World Bank: head in the sand over 'peace conduit'
News||4 December 2007|update 58|
NGO Friends of the Earth Middle East (FoEME) has expressed concern over the World Bank's involvement in the Red Sea to Dead Sea water conveyance project (RDC) or "peace conduit", in particular the failure of the Bank and beneficiary governments to consider alternatives that would tackle the root cause of the Dead Sea's degradation.
The shared vision of the RDC is to: "save the Dead Sea from environmental degradation; desalinate water / generate energy at affordable prices for Jordan, Israel, and the Palestinian Authority; and build a symbol of peace and cooperation in the Middle East". It would involve channelling water into the Dead Sea from the Red Sea via the largest seawater pumping plant in the world at the Gulf of Aqaba and a 200km long conduit. The Dead Sea has been devastated over the past 50 years by increased sewage disposal into its sole tributary, the Jordan River, and by the diversion of water from the river by Israel, Jordan and Syria. The sea's water levels are dropping by approximately one metre per year.
The project is being promoted by the governments of Jordan, Israel and the Palestine Authority. The World Bank is organising donor financing and managing the study programme, which is estimated at $15.5 million. It has provided technical assistance and oversight of the terms of reference for the feasibility study and the environmental and social assessment. The Bank has also set up a multi-donor trust fund which France, Greece, Japan, the Netherlands and the USA have agreed to part-finance. Bank staff sit on the technical steering committee of the project. The work on the study programme was to have begun in September 2007. It will last two years, at the end of which the World Bank will determine whether or not such a project is feasible.
FoEME's key critique is that though the terms of reference claims to address the declining levels of the Dead Sea, it fails to consider what constitutes the root cause and does not require the independent consultant to consider alternatives to the project. Environmentalists in the region assert that the best and most obvious solution would be to rehabilitate the heavily polluted Jordan River. Quoted in Al-Jazeera, Gidon Bromberg, Israeli director of FoEME said: "The Bank is simply refusing to listen to real alternatives that have been put on the table."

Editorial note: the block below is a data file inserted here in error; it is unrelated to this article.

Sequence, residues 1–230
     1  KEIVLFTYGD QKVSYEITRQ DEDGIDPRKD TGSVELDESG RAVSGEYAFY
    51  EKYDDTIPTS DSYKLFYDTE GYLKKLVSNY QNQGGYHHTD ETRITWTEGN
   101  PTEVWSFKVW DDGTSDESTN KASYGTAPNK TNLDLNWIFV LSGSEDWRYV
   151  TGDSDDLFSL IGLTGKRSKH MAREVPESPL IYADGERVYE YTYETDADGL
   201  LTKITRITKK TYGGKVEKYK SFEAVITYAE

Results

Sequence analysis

Geologists and local scientists have also stated that the project poses a threat to the ecosystems of the Gulf of Aqaba/Eliat, the Arava Valley and the Dead Sea itself and point to the unknown dangers of mixing the waters of the Red and Dead Seas.
FoEME has put forward the Jordan River Alternative- a proposal to rehabilitate the river which was a commitment of the 1994 Jordan-Israel peace treaty. This would involve changing the nature of the region's agricultural production, focussing on crops with a low water consumption; educating people to use water more effectively; pricing water more appropriately; recycling waste water; and desalination. However this has been disregarded by the World Bank, who states that "no degree of reform and change in management of freshwater resources in the region is likely to keep pace with the demand, attain even the minimum standard of water availability or significantly contribute to the restoration of the Dead Sea".
According to FoEME agriculture currently consumes "over 57 per cent of Israel's total water utilisation" and Jordan's agriculture "uses 73.9 per cent of total water consumption". The widespread misuse of one of the region's most scarce resources is due to significant government subsidies for water use in agriculture and a "lack of education and incentives for better conservation". FoEME call for an independent assessment to encourage better water management in the region. Former Israeli water commissioner professor Dan Zaslavski has estimated that regenerating the flow of the Jordan River will cost about $800 million, significantly less than the estimated $5 billion required to complete the RDC project.
Public hearings held in August on the project in Amman, Ramallah and Jerusalem were apparently poorly advertised. In addition important documents had not been translated into Arabic and Hebrew.
FoEME have been told by World Bank staff that Bank safeguard policies would not apply to the project, given that the Bank is only coordinating donor support and managing the study. The NGO concludes that "a study that claims to save the Dead Sea as its primary objective without an examination of the root causes and an investigation into whether these causes can be mitigated, in the opinion of FoEME puts the credibility of the World Bank into question".
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Published: 4 December 2007 , last edited: 9 March 2009
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